To assess whether relationships between metabolic rate and body size/mass, and metabolic rate and exploratory behaviour exist across combined male and female data, we performed an LMM using RMR as the response variable. The LMM was performed on collated male and female data, and sex was included as a fixed term. The temperature at which measurements of metabolic rate were made (hereafter: metabolic temperatures) was included as a fixed term because metabolic rates are influenced by temperature (reviewed in: Schmidt-Nielsen, 2007). Pronotum width (as a proxy for body size) and body mass were also included as fixed terms. Temperatures impact also ectotherm behaviour (reviewed in: Abram et al., 2017) and may influence links between metabolism and behaviour (Hämäläinen et al., 2020). Exploratory behaviour interacting with the temperature at which exploratory behaviour was observed (hereafter: behavioural temperature) was, therefore, included as a fixed term. Personality traits have been shown to relate to morphological traits (e.g., Kern et al., 2016). We therefore included exploratory behaviour as a fixed term interacting with body mass in our model. To account for changes in the temperature and light-dark conditions experienced by individuals over time, the week (week 1–10) in which beetles’ metabolism was measured, and their identity (‘ID’) were included as random terms. Removal of one outlier from the dataset did not qualitatively change the results (not presented).
We performed a generalised linear mixed model (GLMM) using AMR as the response variable. We used a gamma error structure with a log link in our GLMM to account for increased AMR variability with increasing exploratory behaviour, such that the AMR data were log-transformed. Fixed and random terms for the GLMM with AMR as response were as described for the LMM, however, as beetles were tested for their AMR only once, beetle ID was not included as a random term.
The sex-specificity of the effect of exploratory behaviour, body size and body mass on both RMR and AMR was determined by performing models as described above, on separate male and female datasets, with sex removed as an explanatory variable. Because male RMR was not repeatable, the effect of exploratory behaviour, body size and body mass on male RMR was not assessed.
Stepwise model simplification was performed on LMMs and GLMMs; fixed terms were removed from these models in stages and compared to the previous model using likelihood ratio tests (Crawley, 2007). At each stage, the least significant fixed term, with the smallest effect on the model’s power was removed. All models were carried out using the lme4 package (Bates et al., 2015). Effects sizes of minimum adequate models were calculated using the MuMIn package (Barton, 2009).
The collection of beetles utilised in this study was carried out with a permit granted by the Lower Saxon State Department for Waterway, Coastal and Nature Conservation authorities (number: H72.2220212019).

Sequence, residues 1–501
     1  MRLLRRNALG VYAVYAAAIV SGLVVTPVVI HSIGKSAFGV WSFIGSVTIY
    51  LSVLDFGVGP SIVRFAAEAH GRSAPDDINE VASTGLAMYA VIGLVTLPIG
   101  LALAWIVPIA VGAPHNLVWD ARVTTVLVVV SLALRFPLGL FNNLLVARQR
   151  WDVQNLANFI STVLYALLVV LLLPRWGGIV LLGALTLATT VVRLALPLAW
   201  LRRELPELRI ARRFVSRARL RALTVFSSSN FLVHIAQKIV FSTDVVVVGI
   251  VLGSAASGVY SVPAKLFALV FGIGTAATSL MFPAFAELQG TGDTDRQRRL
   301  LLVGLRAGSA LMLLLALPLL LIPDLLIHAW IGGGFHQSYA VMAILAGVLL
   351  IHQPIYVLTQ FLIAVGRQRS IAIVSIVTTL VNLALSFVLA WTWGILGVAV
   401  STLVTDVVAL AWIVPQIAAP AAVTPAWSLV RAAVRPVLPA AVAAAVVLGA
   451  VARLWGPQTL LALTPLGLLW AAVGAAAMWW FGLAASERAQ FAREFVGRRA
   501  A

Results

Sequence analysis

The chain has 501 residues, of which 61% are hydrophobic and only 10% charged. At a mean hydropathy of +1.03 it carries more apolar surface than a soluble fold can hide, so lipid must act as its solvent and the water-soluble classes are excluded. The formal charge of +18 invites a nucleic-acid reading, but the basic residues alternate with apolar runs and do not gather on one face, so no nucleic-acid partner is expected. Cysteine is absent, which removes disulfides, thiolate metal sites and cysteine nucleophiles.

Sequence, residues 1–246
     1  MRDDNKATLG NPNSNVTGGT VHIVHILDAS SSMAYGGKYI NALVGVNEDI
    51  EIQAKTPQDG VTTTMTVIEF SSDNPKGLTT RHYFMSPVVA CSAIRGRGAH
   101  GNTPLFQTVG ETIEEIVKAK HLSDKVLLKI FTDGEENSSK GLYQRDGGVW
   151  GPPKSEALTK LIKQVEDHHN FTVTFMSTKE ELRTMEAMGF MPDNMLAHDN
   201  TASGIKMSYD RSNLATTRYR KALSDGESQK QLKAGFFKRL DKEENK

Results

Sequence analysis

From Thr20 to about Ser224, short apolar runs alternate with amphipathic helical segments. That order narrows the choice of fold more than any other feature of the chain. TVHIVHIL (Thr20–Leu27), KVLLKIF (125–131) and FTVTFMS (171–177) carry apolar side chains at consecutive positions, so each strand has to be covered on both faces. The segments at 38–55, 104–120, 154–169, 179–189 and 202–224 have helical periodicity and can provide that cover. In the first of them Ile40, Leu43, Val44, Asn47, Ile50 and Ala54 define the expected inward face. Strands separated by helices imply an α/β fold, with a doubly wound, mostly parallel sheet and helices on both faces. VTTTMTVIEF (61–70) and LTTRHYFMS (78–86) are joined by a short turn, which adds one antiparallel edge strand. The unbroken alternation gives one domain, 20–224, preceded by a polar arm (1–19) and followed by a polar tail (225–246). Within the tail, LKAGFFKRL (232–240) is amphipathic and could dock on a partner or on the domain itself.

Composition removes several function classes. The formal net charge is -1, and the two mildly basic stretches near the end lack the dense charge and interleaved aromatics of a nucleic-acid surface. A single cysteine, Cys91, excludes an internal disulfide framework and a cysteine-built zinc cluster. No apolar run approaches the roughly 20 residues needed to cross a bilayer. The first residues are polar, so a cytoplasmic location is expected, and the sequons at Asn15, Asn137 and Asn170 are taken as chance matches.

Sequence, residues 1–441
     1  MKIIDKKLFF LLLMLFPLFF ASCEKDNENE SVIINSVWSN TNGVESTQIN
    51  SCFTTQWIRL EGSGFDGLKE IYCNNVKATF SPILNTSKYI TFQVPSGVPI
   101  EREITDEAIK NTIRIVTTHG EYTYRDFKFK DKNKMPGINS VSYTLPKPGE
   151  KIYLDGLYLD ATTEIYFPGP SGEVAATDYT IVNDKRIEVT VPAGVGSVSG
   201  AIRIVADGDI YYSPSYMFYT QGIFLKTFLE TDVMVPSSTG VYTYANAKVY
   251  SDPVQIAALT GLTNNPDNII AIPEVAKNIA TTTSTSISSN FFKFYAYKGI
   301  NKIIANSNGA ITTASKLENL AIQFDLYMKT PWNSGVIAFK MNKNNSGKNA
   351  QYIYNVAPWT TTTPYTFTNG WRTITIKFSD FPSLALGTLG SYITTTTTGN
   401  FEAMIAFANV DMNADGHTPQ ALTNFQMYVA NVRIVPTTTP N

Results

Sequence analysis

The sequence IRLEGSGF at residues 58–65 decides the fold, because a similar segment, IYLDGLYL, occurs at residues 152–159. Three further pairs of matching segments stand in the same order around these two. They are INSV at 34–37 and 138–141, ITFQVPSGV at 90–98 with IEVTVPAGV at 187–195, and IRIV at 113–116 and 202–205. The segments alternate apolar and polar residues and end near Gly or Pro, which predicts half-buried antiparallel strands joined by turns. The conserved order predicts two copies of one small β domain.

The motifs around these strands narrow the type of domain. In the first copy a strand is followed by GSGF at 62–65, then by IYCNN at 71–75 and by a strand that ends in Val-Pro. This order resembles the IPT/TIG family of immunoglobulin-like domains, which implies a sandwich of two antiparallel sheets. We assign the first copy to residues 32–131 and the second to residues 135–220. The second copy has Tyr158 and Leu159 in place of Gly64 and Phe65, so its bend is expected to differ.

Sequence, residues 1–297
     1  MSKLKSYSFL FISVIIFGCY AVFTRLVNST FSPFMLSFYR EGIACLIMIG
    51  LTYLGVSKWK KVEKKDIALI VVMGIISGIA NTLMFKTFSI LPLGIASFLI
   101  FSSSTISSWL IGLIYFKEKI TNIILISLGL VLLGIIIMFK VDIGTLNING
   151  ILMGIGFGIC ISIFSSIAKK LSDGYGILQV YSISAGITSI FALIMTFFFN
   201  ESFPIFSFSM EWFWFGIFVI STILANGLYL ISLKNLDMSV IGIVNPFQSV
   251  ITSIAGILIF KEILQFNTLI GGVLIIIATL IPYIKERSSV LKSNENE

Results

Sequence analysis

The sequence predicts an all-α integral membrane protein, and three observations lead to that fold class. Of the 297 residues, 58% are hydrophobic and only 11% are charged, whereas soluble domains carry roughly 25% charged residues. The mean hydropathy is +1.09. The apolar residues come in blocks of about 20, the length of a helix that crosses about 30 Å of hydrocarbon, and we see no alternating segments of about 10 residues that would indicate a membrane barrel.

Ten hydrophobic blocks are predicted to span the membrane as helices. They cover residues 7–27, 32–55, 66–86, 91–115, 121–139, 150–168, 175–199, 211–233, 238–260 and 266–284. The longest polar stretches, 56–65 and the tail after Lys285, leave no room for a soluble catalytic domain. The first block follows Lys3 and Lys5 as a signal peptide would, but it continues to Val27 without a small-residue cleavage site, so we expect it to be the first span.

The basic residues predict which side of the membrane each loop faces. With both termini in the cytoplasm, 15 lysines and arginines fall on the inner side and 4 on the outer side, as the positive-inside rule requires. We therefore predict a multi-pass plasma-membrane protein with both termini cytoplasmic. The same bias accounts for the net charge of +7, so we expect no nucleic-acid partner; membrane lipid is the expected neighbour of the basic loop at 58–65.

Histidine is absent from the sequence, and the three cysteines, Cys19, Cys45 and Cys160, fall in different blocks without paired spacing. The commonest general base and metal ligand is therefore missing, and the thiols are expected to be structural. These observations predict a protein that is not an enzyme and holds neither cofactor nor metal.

Individual C. hortensis showed consistent differences in exploratory behaviour across 13–15 days, and in AMR across 4–8 h, for combined male and female data (hereafter: all beetles; Table 1) and each sex separately. RMR was repeatable over 13–15 days across all beetles and in females but not in males (Table 1). Body size (pronotum width) was significantly, positively correlated with body mass in males (Spearman rank correlation; Rs = 0.433, p = 0.005, n = 22), but not in females (Rs = 0.119, p = 0.323, n = 46). Average body size, body mass and their ranges are reported separately for males and females in Table S1.
More exploratory individuals had lower RMR for all beetles (Table S2), but there was no significant relationship between female RMR and exploratory behaviour (Table S2). AMR was significantly related to exploratory behaviour for all beetles (Table 2), and for females alone (Table 2, Fig. 1A). In both cases, the relationship between AMR and exploratory behaviour depended upon behavioural temperature. Male AMR was also significantly related to exploratory behaviour, however, this relationship depended upon body mass (Table 2, Fig. 1B).
|Dataset||Random Term||Var.||Fixed Term||Coeff.||χ2||DF||p value|
|M + F||Week||0.008||Intercept||3.05|
|n = 32||Residual||0.054||BTemp: Expl.||<0.01||6.57||1||0.010|
|Body Mass: Expl.||(−0.01)||1.40||1||0.237|
|n = 16||Residual||0.018||BTemp: Expl.||<0.01||11.77||1||<0.001|
|Body Mass: Expl.||(−0.07)||2.01||1||0.156|
|n = 16||Residual||0.005||BTemp: Expl.||(<0.01)||1.40||1||0.237|
|Body Mass: Expl.||−0.19||41.93||1||<0.001|
Data were log-transformed during analysis with the use of a log-link function. Coefficients (Coeff.) shown are not back-transformed. Behavioural temperature, BTemp; exploration (number of square visits in a novel environment), Expl.; metabolic temperature, MTemp; number of individuals, n; variance of random terms, Var. Coefficients (Coeff.) in square brackets belong to non-significant terms just before dropping those terms from the model. Bold p values denote significant terms.